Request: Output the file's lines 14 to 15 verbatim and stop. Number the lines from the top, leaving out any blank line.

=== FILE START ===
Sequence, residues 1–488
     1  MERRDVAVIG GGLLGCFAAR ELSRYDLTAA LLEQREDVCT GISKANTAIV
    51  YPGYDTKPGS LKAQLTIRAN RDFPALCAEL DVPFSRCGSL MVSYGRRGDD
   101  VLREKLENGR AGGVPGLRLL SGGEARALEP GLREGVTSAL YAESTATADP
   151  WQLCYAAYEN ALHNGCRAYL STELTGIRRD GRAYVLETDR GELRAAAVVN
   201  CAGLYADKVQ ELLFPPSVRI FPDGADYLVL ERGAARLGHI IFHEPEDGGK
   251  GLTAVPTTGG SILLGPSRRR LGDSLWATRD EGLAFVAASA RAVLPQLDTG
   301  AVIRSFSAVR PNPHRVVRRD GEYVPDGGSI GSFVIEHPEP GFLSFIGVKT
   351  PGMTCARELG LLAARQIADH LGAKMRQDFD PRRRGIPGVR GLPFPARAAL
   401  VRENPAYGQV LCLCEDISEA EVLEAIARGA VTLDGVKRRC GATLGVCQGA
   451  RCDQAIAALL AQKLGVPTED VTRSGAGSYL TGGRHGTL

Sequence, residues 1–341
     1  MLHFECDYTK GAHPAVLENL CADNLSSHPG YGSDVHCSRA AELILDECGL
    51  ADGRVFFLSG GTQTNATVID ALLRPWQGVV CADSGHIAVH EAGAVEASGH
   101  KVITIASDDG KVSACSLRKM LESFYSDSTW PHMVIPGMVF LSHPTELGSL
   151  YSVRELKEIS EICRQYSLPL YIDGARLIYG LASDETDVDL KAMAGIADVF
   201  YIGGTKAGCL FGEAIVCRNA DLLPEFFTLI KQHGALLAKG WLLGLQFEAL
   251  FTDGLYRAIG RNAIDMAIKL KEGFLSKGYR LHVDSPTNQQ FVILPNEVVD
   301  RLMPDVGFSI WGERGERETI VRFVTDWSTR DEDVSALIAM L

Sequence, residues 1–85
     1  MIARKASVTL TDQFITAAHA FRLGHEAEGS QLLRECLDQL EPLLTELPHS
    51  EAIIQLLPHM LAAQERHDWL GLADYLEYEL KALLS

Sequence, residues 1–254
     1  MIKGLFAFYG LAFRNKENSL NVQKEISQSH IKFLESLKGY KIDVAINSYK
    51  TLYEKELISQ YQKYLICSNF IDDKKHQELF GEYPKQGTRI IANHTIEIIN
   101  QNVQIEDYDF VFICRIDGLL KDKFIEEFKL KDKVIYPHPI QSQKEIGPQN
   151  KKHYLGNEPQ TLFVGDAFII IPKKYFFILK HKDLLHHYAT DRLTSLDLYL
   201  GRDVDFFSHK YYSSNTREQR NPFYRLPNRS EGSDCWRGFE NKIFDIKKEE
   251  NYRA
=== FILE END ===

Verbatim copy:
    51  ADGRVFFLSG GTQTNATVID ALLRPWQGVV CADSGHIAVH EAGAVEASGH
   101  KVITIASDDG KVSACSLRKM LESFYSDSTW PHMVIPGMVF LSHPTELGSL